Jason touched me in a very different way. He was thirteen and suffered from a recalcitrant spinal tumor—in and out of surgery three times. He always asked for extra pillows when I came to his room to play, so he could be propped up to watch my fingers. He was a pianist who took great comfort in Chopin, but also loved the intricate harmonies of Bach’s violin partitas. He felt sick inside about not being able to practice for weeks on end while recovering from surgery and treatments. There was no piano on the 10th floor. By the spring of 1999 I had figured out a way to make his world a little brighter: CHC’s first fundraiser. I sent a letter to Jayson Stoller, the principal of Roslyn High School, requesting the use of the auditorium for a benefit concert to purchase a piano for Beth Israel Medical Center’s pediatric neurosurgery division. He did not let me down. In April, 1999, renowned pediatric neurosurgeon Dr. Fred Epstein of Beth Israel, my friend and mentor, walked into Roslyn High School with fifty members of his staff and joined the sold out house to buy Jason and all of the children in the ward a piano for the 10th floor playroom. The event spoke volumes to me. If a child believes, anything is possible. We raised that money, and thousands more to be used for music therapy in the ward. Dr. Epstein himself funded the next concert at Weill Recital Hall at Carnegie Hall. We began setting money aside for a neurosurgery scholarship fund so disadvantaged children from around the globe could benefit from Dr. Epstein’s visionary surgical techniques.
Jason lost his battle with brain cancer one year later. But this is not a sad story; it’s one of the happiest ones I know, because when I was seven, he and other children compelled me to think bigger, harder and more compassionately until the seeds of Children Helping Children burgeoned into more than a philanthropic organization—it became a movement in medicine and music. By the time I made my Lincoln Center debut at age eleven, it became apparent that I could use my name as a headline performer to draw large audiences at major concert halls throughout the country to benefit medical research and equity in healthcare. I enlisted entire symphony orchestras (500 professional musicians) to join my performances at halls like Lincoln Center and Carnegie Hall, raising over $4.6 million to date. I have met with Senators Hillary Clinton and Bob Dole, and former Governor Pataki to discuss the future of healthcare fundraising in our country. I have formed chapters of CHC all over the country so that now, in an organized effort, hundreds of young musicians nationally are donating their talents for the future of medicine, participating in my Concerts for a Cure. They arechanging the world, and patrons are flocking to the concert halls in droves to support their talents and the future of healthcare fundraising.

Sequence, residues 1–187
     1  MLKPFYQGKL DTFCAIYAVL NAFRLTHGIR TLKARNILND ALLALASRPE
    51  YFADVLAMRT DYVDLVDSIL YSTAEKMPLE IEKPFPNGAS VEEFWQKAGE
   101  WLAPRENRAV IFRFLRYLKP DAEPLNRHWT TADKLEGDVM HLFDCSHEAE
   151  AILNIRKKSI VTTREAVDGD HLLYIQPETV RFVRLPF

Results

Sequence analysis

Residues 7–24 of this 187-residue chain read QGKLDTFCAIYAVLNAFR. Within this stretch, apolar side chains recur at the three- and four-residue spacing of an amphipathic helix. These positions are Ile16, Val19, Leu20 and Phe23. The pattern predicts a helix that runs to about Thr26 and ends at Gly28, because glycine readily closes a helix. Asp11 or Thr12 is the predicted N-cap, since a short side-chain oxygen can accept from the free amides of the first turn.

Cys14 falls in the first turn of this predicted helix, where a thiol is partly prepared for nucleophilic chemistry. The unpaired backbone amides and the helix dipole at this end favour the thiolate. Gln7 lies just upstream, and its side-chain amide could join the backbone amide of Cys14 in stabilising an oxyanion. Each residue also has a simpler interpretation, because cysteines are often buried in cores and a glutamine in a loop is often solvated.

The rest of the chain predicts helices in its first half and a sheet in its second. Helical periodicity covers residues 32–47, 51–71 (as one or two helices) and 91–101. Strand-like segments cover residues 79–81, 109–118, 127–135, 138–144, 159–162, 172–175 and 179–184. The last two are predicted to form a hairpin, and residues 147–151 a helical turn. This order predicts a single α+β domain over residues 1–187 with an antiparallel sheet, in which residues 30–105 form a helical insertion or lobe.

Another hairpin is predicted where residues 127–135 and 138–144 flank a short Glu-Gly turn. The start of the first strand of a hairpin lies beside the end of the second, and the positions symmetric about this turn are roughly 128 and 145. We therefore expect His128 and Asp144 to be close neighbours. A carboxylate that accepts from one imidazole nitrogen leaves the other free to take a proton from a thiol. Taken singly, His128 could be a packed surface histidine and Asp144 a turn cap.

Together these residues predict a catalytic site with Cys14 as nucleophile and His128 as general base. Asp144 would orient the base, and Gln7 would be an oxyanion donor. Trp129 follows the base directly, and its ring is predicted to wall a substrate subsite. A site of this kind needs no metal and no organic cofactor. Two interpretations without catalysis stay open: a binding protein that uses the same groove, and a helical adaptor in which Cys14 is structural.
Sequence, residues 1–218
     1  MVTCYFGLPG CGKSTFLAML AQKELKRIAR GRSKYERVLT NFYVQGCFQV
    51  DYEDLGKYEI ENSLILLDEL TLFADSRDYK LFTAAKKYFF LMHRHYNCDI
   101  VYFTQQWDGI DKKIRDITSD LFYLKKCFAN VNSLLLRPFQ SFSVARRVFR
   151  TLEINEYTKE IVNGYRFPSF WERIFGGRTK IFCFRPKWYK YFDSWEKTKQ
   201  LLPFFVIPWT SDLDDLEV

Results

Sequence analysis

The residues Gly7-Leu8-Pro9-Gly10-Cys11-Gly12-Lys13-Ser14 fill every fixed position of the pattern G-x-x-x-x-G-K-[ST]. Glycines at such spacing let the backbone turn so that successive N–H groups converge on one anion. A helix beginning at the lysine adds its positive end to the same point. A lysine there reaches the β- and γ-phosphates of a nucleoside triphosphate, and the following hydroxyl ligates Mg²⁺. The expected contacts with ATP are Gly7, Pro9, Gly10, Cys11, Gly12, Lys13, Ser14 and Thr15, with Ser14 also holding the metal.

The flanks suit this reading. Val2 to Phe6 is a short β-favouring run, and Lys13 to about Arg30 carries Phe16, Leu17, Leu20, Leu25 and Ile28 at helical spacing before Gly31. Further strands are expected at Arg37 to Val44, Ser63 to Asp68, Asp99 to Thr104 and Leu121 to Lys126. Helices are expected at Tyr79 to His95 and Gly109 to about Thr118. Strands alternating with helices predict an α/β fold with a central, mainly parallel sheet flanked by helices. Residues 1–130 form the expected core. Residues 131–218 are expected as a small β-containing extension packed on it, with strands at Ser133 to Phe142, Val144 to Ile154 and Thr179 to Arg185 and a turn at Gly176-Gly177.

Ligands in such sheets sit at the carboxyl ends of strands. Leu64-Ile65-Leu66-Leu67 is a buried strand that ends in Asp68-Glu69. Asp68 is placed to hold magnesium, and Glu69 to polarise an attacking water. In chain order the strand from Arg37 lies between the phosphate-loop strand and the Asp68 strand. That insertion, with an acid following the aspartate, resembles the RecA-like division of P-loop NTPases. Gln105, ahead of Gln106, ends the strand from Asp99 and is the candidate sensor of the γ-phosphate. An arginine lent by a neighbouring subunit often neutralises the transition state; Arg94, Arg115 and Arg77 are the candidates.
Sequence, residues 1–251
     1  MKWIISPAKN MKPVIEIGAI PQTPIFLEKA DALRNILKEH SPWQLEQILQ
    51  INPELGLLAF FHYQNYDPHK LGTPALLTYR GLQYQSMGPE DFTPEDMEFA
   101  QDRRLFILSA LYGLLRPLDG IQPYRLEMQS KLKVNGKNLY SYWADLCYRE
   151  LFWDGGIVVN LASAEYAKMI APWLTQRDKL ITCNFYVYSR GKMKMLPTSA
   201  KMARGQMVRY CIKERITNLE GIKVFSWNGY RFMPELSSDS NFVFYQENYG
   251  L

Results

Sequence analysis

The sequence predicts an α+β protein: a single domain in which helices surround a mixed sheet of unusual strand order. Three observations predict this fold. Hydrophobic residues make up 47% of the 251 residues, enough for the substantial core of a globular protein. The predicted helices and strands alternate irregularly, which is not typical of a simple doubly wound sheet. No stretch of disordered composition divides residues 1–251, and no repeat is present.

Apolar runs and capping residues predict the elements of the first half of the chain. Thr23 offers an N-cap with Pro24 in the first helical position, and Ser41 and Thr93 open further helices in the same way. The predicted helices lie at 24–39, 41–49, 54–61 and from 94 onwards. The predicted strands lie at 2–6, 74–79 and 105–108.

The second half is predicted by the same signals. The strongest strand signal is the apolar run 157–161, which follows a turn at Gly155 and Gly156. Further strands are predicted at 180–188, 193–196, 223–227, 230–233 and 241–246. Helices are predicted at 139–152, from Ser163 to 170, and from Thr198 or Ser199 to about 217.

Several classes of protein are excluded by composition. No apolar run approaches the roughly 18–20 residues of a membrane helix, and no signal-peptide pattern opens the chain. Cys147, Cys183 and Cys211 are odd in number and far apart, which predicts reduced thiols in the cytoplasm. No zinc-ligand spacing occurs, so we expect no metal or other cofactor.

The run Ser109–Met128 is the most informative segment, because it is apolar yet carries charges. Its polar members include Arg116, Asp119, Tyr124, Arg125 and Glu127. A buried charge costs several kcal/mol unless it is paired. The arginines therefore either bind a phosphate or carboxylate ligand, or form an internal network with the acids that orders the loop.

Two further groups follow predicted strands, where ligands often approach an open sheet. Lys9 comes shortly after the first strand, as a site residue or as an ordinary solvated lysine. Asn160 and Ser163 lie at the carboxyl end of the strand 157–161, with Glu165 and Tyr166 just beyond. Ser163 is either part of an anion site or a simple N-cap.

I am still an idealist with a voice and convictions born of very particular experiences. This year I am taking CHC international, founding satellite chapters in El Salvador, Guatemala and Buenos Aires. The young members of my El Salvador chapter asked me to help build a clinic in poverty stricken Joya Grande. Because they didn’t have funds to rent a concert hall and employ an orchestra for a full-scale benefit, I took the initiative to design a unique framework: a two-tiered concert series in Houston and Manhattan. I contacted the Doctor’s Orchestra of Houston and prevailed upon them to perform gratis for the Houston benefit; I then led the Salvadoran teens through a letter-writing campaign to ensure a paying audience. The next step required time-sensitive meetings with the El Salvadoran Consul in NYC. I had to secure a performance date at the consulate in March, 2009 before El Salvador’s elections, because a victory by the leftist party would forestall plans for the benefit. My persistence paid off: the concert for Joya Grande Clinic is booked for March 5, 2009.
I can’t always remember their features or the color of their eyes, but I feel their presence—the children of the 10th floor: in every overture, in the first bow I take, in the last kiss to the balcony. They made me the young leader I have become and showed me that kids can move small mountains with big hearts. I owe them mine.